Panel To Hear Gas Compressor Case

Zoning Board Expects Big Turnout At Thursday Hearing

January 13, 1991|By Carol L. Bowers | Carol L. Bowers,Staff writer

The County Council, sitting as the Board of Zoning Appeals, will hear arguments Thursday on Columbia Gas Transmission Corp.'s request to build a natural gas compressor station near Jarrettsville.

The public hearing is scheduled for 7 p.m. in the council's chambers in the Courthouse in Bel Air. Because of a large expected turnout, the council plans to immediately adjourn and reconvene the hearing at C. Milton Wright High School auditorium, said county planners.

The school is located on Route 543.

After the hearing, the council will remain at C. Milton Wright and conduct a special legislative session in place of its regularly scheduled meeting, which is usually convened at the council chambers.

The council is meeting Jan. 17 because of the Jan. 15 county holiday honoring Martin Luther King Jr.'s birthday.

Columbia Gas, based in Charleston, W.Va., applied last spring for a special zoning exception to build the compressor station in an agricultural district.

E. Kelly Merritt, a company spokesman, has said the compressor station would allow the company to push more natural gas through its pipeline to meet the growing demand for fuel in the Northeast.

A county hearing examiner,in a 75-page opinion issued in December, denied the variance.

Hearing examiner William F. Casey ruled the compressor station was incompatible with thesurrounding residential and agricultural areas south of Jarrettsville.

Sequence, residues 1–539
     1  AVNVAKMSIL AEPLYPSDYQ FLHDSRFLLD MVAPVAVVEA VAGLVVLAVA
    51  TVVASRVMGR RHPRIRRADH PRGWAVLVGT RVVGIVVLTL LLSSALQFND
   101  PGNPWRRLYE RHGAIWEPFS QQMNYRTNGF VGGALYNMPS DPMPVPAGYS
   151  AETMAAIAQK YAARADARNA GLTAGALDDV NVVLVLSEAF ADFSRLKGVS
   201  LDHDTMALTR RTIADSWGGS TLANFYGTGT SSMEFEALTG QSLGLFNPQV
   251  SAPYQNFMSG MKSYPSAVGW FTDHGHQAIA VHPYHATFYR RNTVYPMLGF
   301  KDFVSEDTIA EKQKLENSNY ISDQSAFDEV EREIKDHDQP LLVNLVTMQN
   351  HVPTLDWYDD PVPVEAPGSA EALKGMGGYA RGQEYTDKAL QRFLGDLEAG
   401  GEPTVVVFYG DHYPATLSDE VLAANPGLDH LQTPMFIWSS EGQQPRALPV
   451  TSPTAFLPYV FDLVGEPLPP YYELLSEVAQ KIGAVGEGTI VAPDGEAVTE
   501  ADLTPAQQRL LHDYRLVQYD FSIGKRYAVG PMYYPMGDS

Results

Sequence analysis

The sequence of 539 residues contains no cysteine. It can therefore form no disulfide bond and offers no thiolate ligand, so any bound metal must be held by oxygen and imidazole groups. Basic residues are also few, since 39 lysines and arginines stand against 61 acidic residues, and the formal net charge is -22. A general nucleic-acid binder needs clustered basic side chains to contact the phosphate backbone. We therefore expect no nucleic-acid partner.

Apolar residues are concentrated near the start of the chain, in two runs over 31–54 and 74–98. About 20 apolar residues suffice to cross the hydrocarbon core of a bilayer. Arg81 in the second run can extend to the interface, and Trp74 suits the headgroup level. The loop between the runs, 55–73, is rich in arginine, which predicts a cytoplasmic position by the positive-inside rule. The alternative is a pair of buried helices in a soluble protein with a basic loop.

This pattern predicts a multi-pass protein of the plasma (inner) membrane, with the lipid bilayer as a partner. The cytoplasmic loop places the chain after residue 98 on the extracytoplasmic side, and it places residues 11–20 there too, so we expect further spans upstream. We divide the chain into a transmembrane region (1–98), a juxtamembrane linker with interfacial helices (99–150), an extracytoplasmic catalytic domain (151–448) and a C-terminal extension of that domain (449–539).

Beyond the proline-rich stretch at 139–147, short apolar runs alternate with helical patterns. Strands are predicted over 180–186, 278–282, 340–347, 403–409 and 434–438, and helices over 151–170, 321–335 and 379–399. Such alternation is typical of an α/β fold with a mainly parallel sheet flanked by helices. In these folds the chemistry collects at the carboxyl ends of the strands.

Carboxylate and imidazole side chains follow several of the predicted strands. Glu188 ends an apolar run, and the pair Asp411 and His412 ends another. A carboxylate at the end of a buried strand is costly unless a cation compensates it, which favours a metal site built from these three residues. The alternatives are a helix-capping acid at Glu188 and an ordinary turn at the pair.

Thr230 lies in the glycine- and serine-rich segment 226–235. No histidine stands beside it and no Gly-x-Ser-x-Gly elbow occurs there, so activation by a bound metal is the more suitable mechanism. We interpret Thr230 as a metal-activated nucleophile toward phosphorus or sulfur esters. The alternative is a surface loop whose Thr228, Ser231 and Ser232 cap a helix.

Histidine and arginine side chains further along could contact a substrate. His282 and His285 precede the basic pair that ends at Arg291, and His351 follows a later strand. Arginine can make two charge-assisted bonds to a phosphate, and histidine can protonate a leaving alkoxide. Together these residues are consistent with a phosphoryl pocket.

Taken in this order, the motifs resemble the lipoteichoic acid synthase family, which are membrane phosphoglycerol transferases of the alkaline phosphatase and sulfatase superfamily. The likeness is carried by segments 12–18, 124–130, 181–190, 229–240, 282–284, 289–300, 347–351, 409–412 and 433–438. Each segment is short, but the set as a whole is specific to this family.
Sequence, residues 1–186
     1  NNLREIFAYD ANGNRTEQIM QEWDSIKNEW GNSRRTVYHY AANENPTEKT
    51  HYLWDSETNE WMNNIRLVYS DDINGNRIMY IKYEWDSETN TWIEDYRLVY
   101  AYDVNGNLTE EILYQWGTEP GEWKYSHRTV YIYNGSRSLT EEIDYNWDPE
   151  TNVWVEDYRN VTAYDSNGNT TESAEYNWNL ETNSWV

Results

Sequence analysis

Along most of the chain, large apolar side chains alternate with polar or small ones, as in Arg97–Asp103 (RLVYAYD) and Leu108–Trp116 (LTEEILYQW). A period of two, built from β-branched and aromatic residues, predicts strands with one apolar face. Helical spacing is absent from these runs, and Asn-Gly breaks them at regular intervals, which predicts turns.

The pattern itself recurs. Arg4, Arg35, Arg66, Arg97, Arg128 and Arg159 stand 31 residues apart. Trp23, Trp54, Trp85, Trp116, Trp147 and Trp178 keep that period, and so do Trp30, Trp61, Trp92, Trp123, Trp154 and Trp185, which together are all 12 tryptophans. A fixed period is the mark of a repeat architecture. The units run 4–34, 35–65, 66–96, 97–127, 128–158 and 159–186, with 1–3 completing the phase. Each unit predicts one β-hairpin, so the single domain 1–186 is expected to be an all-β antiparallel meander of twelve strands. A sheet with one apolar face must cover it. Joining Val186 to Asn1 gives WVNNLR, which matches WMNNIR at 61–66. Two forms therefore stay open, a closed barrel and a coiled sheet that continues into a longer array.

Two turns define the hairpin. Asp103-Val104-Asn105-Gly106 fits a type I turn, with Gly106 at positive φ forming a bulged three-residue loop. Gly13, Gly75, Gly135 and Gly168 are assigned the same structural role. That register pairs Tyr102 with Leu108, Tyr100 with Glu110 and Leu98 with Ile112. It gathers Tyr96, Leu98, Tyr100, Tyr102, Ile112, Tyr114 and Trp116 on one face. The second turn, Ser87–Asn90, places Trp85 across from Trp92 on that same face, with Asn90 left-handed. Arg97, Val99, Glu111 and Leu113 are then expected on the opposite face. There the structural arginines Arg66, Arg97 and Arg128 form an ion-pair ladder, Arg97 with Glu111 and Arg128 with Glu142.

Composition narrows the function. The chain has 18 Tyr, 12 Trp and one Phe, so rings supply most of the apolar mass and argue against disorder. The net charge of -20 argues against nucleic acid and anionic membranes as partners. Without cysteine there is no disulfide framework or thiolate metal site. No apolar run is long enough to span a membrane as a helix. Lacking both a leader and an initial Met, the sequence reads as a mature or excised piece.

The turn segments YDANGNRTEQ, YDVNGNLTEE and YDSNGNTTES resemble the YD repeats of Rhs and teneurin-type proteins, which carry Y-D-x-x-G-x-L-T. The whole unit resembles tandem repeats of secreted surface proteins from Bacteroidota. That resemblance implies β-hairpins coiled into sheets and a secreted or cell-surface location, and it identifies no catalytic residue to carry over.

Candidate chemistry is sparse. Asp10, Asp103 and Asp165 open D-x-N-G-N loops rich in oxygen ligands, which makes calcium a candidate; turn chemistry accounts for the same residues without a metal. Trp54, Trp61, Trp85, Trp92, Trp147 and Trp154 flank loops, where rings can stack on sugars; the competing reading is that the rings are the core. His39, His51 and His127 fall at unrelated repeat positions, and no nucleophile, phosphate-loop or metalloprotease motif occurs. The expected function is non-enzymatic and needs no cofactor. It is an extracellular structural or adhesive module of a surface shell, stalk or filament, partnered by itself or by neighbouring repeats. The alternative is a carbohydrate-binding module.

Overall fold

The Board of Zoning Appeals will hear the company's appeal of that ruling Thursday.

Columbia Gas has proposed building a 6,000-square-foot compressor station on 30 acres off Rutledge Avenue. The $3.4 million facility would employ about 10 people.

County residents and Gov. William Donald Schaefer have opposed the compressor station proposal.

Schaefer wrote to the company in October, urging Columbia Gas to select another site.

Area residents have criticized the company's plans, arguing the facility might disturb water supplies, emit hazardous chemicals and open the area to further industrial development.

Merritt said the company has had no complaints about the 160 compressors it operates in its 10-state service area.

"Residentsin other areas have found us to be a good neighbor, operating our facilities safely and without intrusion," Merritt said.

"We will be a good neighbor in the Fallston area."

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